# Re: [R] Plotting lines with equidistant points for identification

From: Jim Lemon <jim_at_bitwrit.com.au>
Date: Tue, 19 Apr 2011 18:31:45 +1000

On 04/19/2011 06:05 PM, Timo Schneider wrote:
> Dear R Gurus,
>
> I would like to make a line-plot of a large data-set (>200 data-points)
> for a document which will be printed in black and white. The plot will
> contain 5 different lines. So i need a way to differentiate between the
> lines. Since color is not an option i tried different line styles with
> all sorts of "line-gap" or "dot dot dot" patterns. Since my plots are
> rather small it is hard to get lines that look contiguous enough while
> still being identifiable through their line style.
>
> What I would like to have are lines that have symbols on top of them,
> similar to what i get with plot(x,y,type='o'). The problem is that i
> have to many data-points for that method, the symbols will just "melt
> together", as in plot(seq(1,500), seq(1,500), type='o') - just one big
> line.
>
> What i want is to have a configurable number of symbols spread
> equidistantly over the whole graph, regardless of the number or position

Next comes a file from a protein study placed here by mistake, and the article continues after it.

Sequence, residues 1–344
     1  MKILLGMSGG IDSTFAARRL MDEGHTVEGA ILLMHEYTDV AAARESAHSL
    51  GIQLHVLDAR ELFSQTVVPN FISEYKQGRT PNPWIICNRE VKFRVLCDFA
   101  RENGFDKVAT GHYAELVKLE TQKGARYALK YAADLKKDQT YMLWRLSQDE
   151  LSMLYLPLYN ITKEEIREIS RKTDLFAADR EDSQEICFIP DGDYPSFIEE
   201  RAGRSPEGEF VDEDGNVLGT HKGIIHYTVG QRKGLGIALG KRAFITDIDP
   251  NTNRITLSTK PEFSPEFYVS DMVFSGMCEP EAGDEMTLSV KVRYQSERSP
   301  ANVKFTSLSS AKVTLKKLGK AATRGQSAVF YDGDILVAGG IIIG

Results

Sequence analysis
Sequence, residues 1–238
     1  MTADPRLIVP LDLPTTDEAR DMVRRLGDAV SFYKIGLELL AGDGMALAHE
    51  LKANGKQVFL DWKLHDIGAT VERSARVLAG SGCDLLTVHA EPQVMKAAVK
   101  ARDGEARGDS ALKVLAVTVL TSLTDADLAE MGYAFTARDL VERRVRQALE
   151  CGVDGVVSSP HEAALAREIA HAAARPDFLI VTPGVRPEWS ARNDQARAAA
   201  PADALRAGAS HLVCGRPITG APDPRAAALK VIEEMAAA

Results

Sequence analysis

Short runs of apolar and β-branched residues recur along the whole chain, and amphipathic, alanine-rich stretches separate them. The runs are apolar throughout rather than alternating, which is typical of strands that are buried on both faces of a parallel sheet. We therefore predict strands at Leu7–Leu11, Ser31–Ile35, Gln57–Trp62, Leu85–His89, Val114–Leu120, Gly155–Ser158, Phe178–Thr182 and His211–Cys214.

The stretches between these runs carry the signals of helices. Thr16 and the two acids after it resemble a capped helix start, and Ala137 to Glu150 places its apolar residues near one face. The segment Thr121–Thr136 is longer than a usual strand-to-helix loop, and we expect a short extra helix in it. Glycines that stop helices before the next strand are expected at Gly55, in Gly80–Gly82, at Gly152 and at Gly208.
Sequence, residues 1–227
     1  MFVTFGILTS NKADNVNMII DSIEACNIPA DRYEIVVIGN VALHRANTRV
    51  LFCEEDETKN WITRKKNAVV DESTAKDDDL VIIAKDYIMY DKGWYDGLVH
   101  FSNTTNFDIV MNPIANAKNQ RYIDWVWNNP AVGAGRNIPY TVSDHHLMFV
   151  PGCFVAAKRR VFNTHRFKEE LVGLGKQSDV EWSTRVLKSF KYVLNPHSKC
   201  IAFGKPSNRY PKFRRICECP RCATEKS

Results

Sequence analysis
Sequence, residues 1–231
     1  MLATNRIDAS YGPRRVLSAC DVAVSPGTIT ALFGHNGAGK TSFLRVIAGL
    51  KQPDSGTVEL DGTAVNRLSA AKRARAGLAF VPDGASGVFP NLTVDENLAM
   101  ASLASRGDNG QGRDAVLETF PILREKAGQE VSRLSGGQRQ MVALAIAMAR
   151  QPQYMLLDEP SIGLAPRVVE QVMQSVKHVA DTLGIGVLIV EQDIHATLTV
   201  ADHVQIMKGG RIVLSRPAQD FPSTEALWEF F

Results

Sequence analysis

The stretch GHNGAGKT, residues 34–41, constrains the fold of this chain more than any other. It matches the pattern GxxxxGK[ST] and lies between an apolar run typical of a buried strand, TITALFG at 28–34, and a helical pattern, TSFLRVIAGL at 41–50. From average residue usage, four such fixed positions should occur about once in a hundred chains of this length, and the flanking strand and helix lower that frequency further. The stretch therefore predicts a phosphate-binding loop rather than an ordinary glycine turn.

> of data-points.
>
> Does anyone have an idea how to achieve this?
>
Hi Timo,
I don't have time to program this at the moment, but the method isn't too hard, assuming that your line is defined by a series of x and y coordinates.

Define a function, e.g. equiPoints

Pass the x and y coordinate vectors and the distance between symbols

Start at the leftmost end of the line, recording the x/y coordinates

Calculate the length of successive segments until the cumulative length is >= the desired distance

Interpolate the x and y coordinates of the last segment to get the next position for a symbol

Add these x and y coordinates to the x and y coordinate vectors

Repeat until you reach the end of the line

Use the symbols function to plot the symbols at the coordinates you have calculated

Jim

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